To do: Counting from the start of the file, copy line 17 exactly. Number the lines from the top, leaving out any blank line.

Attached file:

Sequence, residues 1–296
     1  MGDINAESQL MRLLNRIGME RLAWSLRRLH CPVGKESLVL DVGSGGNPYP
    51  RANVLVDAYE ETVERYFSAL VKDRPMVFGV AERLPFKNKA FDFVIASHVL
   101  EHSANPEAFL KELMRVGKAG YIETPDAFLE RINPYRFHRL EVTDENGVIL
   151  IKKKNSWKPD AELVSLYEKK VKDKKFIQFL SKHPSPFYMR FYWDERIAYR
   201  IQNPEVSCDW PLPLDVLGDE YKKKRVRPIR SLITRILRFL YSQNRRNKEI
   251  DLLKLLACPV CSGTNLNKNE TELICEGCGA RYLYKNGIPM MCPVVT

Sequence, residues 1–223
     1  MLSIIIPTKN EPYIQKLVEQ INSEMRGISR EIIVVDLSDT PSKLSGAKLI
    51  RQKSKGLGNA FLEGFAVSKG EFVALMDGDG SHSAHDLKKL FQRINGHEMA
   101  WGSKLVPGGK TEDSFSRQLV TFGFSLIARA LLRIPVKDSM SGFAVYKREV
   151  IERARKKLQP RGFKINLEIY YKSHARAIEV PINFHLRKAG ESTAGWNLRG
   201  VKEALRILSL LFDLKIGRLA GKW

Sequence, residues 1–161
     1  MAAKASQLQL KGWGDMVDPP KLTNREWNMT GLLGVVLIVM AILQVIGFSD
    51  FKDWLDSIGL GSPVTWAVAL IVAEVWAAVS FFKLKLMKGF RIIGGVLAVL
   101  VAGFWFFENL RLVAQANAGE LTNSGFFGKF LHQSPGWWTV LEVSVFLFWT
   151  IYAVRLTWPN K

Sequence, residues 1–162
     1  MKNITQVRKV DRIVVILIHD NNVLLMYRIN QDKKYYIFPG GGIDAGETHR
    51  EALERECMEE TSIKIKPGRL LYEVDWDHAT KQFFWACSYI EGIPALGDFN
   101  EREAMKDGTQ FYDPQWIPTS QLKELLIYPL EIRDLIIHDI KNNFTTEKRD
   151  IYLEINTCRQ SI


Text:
   101  VAGFWFFENL RLVAQANAGE LTNSGFFGKF LHQSPGWWTV LEVSVFLFWT